Editors also found it unnecessary to court low-end, recession-minded consumers, says Traditional Home’s Brenner. “I don’t think it’s as much about economizing as it is about listening to the reader and giving them what they want,” which she learned means kitchen remodeling and green living, not cash-saving tips and tricks.

Despite the high-end uptick, industry insiders attributed renewed consumer interest in part to lingering affects of the downturn. Homeowners forced to stay put in houses they would have flipped in a better market are investing more in home décor, knowing that they can’t leave any time soon. “People are really trying to make the best of where they are,” says House Beautiful editor Newell Turner. “It’s been good for us in the long run, in some odd way.” At the same time, signs that the real estate market finally seems to be reviving—however slowly—also bodes well for the design category. “The more the housing market comes back, the more it will drive people to the magazines,” says Elle Décor publisher Barbara Friedmann. “It’s still not good, but it’s getting better.”

Whether someone wants to spruce up an existing home or decorate a new one, they’re likelier more design-savvy than ever before. In part, this increased design awareness has been shaped by the industry’s growing embrace of digital and social media, as consumers learn about trends, decorators and manufacturers from fellow enthusiasts rather than pros who once ruled the field. Stumble on a picture of a kitchen you like on Pinterest or Facebook? Click through and you’ll end up at a design blog or shelter magazine’s website.

“During the decline, there was a technological revolution,” says Architectural Digest publisher Giulio Capua. “People want to interact with brands in new ways.”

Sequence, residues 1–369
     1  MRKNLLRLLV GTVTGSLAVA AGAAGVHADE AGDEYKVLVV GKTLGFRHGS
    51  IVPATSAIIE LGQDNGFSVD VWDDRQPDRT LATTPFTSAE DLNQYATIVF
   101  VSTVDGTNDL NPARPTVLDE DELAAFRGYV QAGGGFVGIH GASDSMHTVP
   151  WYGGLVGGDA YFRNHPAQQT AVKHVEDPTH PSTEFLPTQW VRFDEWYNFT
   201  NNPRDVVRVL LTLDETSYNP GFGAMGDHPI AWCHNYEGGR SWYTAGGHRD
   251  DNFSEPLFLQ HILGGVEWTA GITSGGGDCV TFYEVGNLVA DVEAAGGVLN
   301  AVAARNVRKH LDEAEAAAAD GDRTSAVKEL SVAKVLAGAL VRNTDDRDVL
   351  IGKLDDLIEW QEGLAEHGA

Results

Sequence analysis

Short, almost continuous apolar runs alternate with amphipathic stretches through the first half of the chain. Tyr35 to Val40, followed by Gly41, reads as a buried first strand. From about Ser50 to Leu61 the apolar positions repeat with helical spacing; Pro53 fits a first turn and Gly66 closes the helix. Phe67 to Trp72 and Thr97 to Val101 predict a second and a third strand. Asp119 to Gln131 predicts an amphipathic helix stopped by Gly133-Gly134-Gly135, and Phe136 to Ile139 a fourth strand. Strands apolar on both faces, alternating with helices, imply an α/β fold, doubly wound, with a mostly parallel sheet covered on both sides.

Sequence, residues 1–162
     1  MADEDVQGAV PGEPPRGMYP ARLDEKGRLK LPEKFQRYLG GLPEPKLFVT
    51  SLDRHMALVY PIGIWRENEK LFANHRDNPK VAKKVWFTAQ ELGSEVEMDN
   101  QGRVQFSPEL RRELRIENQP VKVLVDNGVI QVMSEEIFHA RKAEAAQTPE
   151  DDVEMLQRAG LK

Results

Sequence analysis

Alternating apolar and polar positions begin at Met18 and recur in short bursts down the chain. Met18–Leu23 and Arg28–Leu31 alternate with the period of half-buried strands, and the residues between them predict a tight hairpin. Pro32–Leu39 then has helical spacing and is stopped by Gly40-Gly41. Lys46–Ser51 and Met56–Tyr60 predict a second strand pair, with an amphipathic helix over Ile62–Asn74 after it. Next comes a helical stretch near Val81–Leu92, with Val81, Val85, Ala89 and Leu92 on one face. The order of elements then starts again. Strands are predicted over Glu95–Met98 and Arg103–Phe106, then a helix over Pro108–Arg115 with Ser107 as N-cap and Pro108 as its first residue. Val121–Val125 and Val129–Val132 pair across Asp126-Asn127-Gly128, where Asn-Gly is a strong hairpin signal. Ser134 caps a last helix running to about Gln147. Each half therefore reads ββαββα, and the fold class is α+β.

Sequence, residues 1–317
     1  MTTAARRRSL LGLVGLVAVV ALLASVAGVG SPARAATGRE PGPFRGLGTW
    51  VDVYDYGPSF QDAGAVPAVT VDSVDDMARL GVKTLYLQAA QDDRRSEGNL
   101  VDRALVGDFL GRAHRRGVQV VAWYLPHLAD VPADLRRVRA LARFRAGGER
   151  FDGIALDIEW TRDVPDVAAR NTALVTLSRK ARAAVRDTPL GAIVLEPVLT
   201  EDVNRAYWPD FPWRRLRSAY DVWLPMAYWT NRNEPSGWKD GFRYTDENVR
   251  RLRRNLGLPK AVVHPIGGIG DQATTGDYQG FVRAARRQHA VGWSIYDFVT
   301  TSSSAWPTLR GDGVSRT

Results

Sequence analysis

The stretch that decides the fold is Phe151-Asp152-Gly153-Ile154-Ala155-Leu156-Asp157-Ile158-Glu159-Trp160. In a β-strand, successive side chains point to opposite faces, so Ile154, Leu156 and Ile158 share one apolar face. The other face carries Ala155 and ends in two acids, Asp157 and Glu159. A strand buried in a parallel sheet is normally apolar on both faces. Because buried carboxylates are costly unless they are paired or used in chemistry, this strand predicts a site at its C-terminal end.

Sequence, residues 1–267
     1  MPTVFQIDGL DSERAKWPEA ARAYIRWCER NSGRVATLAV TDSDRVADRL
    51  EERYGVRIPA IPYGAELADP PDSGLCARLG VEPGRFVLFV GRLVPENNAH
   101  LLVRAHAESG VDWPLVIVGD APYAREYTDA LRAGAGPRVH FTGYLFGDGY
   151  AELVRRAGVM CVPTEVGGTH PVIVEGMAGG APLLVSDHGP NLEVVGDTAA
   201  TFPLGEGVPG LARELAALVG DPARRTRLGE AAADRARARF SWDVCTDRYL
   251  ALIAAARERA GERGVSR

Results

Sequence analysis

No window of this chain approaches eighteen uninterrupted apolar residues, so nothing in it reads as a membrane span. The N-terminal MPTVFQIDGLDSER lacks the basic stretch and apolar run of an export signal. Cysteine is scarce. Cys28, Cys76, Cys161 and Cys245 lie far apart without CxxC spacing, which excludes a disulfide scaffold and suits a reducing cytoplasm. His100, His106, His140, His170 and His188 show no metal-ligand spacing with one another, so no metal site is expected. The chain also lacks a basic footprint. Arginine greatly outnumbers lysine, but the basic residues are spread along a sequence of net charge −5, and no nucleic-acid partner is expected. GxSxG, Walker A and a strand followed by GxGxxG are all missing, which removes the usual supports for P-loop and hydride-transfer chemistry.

The rise of design blogs and online-only magazines like Lonny, Rue and High Gloss is bringing a more digitally aware (read: younger) audience into the mix, forcing print competitors to adapt. “You have to give the digital magazines and blogs credit for pushing magazines into the future in a lot of ways,” says House Beautiful’s Turner.

Embracing e-commerce, shelters have rushed to partner with discount luxury flash sale sites like Gilt Home and One Kings Lane. While these partnerships aren’t driving major revenue yet, says Elle Décor editor Michael Boodro, “it broadens our audience and asserts our expertise.”

With publishers jumping on the improving environment to launch new titles, some industry veterans fear that the shelter market could become oversaturated, leading to a scramble for increasingly limited ad dollars. “The pot is much smaller than it used to be, so these magazines are going to have a hard time,” says Dubi. But Design Hunting’s editor Wendy Goodman is more optimistic about the growing number of titles: “I think it’s good for everybody in the sense that competition’s always really good,” she says. “If everybody can find their own voice and their own point of view, we’re going to have a really healthy diversity again.” And with more modern-leaning titles like Design Hunting and Domino joining traditionalists like House Beautiful, that diversity is easier than ever to find.

Still, it won’t be easy for shelters to sustain their resurgence. While ad pages are markedly improved, they’re still nowhere near pre-recession levels. For instance, in the first quarter of 2007, Veranda and Architectural Digest each ran about 100 more ad pages than the first quarter of this year. “I don’t think that anybody can truthfully say, ‘We’re past the hump and everything’s fine,’” says Goodman. “Everyone has to be really focused and really realistic. There is a great positive upsurge for sure, but we’re in a really challenging time right now.”

But as the economy continues to improve and wealthy customers rev up their AmEx black cards, it’s hard not to see light at the end of the tunnel. Without the super-luxe shelter titles like Design Hunting, how else will designers show off the car elevators and original Warhol prints in their clients’ swell New York apartments?

@adweekemma emma.bazilian@adweek.com Emma Bazilian is Adweek's features editor.